This UV Mapping
It is in basic terms placing a 2d image onto a 3d model. This is like template for where your digital skin, which is made from texturing and shaders, is placed.
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However the process of flattening the 3d object to the 2d object is quite simple. It is the act of unfolding from a 3d shape, which is also known as uv unmapping. This gives a visual view of how the 3d shape looks like all folded out as a 2d shape with the use of y and axis. When viewing the flat form of the project, it will be also displayed in a full frontal view.
I found myself to be more of a visual and audio learner, so I did further research by watching the video above in the speed of 1.25.
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The video above gives further support on how uv mapping works, it is a process that involves multiple steps. “Cameras” from the program are used to reproduce the image onto a shape. Yet first the image is laid flat down and the 3d shape is unfolded over it. Any parts that do not clash with the 3d’s shape 2d outline will remain invisible when viewed in the model. After the mapping is done, the next step commences; Textures and shaders.
Texturing & Shaders
What is Texturing? What are Shaders? They are what make up the look of the model, though they don’t exactly give the model it’s shape. Shaders essentially makes the object to look what ever image you have on it have a certain amount of shine, gloss, opaqueness and other elements that add a more realistic feel. Textures on the other hand are what make up the surface of the model. Having more complex textures can make a piece of clothing look more realistic or skin look more human-like, perhaps more smooth even.
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In the above example the process is the same, textures and shading are applied onto the model to make the look of the creature more life like. After the 2d image is applied to the uv map, the textures are added, along with the shaders making “skin” of the creature more realistic looking. Overall to repeat and rephrase the beginning statement the point of textures and shaders are to add to the model’s look. After this is done, the next step is Rigging.
Upon first seeing this world my natural assumption is that it would involve attach separate compartments of a 3d model together to work as connected object.
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Upon further researched it was discovered rigging is actually smoothing out how the character moves. It allows for any faults or kinks in certain movements from certain views to be fixed and refined. It is a step required before actually animating to reassure that there is no or at least a decrease of problems that occurs during the animation process. Rendering can also occur during animation. There are multiple steps involved in rendering such as setting up a skeleton, making sure the joints work fine, squash and stretch of the model. A skeleton is the base of rigging, the first step, it is essential to make sure that there is a core base to work from as all other limbs will be in a way are connected to this core base, whether it be through another limb or just directly connected. After this is done Kinematics are tested out, meaning how the limbs move. This is also is where restraints are set on how much rotation is needed on certain parts of the model. All this will help on specifically you want the model to look when certain parts are moved. Then the process of testing and squash/stretch of the model commences. Another restraint can be set on this to how much exaggeration the model can go to when in the animation progress, which leads to the next topic.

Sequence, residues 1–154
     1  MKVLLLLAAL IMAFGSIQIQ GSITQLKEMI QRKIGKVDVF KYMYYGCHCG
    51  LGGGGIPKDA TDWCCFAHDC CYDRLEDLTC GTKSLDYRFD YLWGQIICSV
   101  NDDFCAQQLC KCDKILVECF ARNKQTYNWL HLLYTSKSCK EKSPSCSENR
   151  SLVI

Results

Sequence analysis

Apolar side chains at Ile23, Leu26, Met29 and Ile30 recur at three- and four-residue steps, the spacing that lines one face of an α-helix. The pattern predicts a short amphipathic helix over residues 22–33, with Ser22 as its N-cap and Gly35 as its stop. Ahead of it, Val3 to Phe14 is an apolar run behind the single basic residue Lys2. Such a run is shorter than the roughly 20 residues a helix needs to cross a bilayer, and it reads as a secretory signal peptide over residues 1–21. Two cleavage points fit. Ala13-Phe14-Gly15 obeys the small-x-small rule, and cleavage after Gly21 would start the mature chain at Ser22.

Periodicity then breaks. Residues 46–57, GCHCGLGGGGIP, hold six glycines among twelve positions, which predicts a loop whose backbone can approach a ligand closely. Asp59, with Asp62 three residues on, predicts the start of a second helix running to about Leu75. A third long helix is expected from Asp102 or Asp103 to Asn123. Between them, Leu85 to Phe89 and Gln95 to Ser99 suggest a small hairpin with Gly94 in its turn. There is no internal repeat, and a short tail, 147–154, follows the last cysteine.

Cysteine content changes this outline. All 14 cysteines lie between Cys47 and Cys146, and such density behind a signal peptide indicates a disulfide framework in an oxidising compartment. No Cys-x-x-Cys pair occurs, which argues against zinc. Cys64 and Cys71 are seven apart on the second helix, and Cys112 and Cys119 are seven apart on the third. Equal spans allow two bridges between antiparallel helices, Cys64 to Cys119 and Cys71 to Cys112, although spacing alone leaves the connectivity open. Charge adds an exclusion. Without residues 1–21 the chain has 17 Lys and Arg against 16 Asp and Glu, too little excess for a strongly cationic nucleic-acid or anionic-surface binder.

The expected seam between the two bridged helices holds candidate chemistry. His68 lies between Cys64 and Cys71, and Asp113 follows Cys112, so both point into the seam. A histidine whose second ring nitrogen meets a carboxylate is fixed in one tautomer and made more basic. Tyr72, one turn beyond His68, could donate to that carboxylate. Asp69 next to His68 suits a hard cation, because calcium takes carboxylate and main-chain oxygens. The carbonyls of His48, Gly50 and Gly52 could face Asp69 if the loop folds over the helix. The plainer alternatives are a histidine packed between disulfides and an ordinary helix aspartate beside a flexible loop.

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Animation is a performance. It is the scene that is produced from your story board, character concepts, adding the elements to polish up the 3d models. Above is a gif from Disney’s, “Paper man” an animated short masterfully done to provoke multiple emotions from the way each scene is animated. Along with how the characters move and the general flow of said movement. There are multiple steps to animation, but it involves moving the 3d model step by step in order to produce a smooth movement, or rapid when needed. A sequence of movements eventually creates a scene, followed by the the next scene afterwards. Of course the pictures above and below have more of an impact, after lighting, rendering and compositing is done, which will all be discussed in the next blog.
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Slick, J. (2017). 3D Model Components – Vertices, Edges, Polygons & More. [online] Lifewire. Available at: https://www.lifewire.com/3d-model-components-1952 [Accessed 5 Mar. 2017].
Slick, J. (2017). How Are 3D Models Prepared for Animation?. [online] Lifewire. Available at: https://www.lifewire.com/what-is-rigging-2095 [Accessed 5 Mar. 2017].
Cantor, J. and Valencia, P. (2004). Inspired 3D short film production. 1st ed. Indianapolis, IN: Premier Press, a Division of Course Technology.
Ward, A. (2008). Game character development. 1st ed. Course Technology PTR.